1. Punishment.Thom Brooks - 2010 - Oxford Bibliographies Online.
    The punishment of criminals is a topic of long-standing philosophical interest since the ancient Greeks. This interest has focused on several considerations, including the justification of punishment, who should be permitted to punish, and how we might best set punishments for crimes. This entry focuses on the most important contributions in this field. The focus will be on specific theoretical approaches to punishment including both traditional theories of punishment (retributivism, deterrence, rehabilitation) and more contemporary alternatives (expressivism, restorative justice, hybrid theories, (...)
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    Hegel: Philosophy of Politics.Thom Brooks - 2010 - Oxford Bibliographies Online.
    G. W. F. Hegel is widely considered to be one of the most important philosophers in the history of philosophy. This entry focuses on his contributions to political philosophy, with particular attention paid to his seminal work: the Philosophy of Right. A particular focus will be placed on Hegel’s theories of freedom, contract and property, punishment, morality, family, civil society, law, and the state.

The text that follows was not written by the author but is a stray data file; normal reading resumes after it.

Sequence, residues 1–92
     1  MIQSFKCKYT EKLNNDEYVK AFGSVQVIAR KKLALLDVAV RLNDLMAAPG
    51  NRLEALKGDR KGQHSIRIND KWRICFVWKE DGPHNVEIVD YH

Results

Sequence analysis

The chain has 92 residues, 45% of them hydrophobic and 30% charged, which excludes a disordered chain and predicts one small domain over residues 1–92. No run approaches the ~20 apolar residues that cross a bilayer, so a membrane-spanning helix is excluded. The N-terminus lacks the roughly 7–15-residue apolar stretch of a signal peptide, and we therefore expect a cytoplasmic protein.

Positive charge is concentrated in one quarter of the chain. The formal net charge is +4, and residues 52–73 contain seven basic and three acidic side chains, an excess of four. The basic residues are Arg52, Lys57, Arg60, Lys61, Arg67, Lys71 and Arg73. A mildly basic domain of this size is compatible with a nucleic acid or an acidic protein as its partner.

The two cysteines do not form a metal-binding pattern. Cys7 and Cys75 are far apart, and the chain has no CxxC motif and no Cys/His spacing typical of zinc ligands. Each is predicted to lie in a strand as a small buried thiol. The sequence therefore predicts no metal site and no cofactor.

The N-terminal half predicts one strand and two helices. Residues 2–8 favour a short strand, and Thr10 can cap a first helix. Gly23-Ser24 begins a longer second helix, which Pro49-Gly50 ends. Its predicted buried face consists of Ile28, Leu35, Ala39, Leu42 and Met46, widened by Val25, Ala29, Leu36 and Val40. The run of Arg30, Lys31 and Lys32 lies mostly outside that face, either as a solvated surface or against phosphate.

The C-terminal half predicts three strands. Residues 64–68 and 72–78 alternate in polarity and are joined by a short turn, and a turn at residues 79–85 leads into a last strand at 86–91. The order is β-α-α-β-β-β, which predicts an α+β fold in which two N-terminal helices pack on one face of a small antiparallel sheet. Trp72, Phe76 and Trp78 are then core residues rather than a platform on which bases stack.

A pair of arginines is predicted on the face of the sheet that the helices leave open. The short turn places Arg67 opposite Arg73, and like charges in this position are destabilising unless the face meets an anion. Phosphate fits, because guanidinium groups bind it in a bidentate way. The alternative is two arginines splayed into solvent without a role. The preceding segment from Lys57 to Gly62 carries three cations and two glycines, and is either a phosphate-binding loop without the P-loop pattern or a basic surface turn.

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  3. Wisdom Bibliography.Dennis Whitcomb - 2010 - Oxford Bibliographies Online.
    Recent philosophy features remarkably little work on the nature of wisdom. The following is a bibliography of that work, or at least the important-seeming parts of it that I’ve managed to uncover. I’ve also included some work from the history of philosophy, and from a few neighboring fields. Suggested additions would be very appreciated.
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  4. Moral Responsibility.Garrath Williams - 2010 - Oxford Bibliographies Online.
    [Bibliographic article focussing on compatibilist approaches to responsibility.] Moral responsibility relates to many significant topics in ethics and metaphysics, such as the content and scope of moral obligations, the nature of human agency, and the structure of human interaction. This entry focuses on compatibilist approaches to moral responsibility—that is, approaches that see moral responsibility as compatible with the causal order of the world. This is partly because they have more to say about the nature of moral responsibility and the practices (...)
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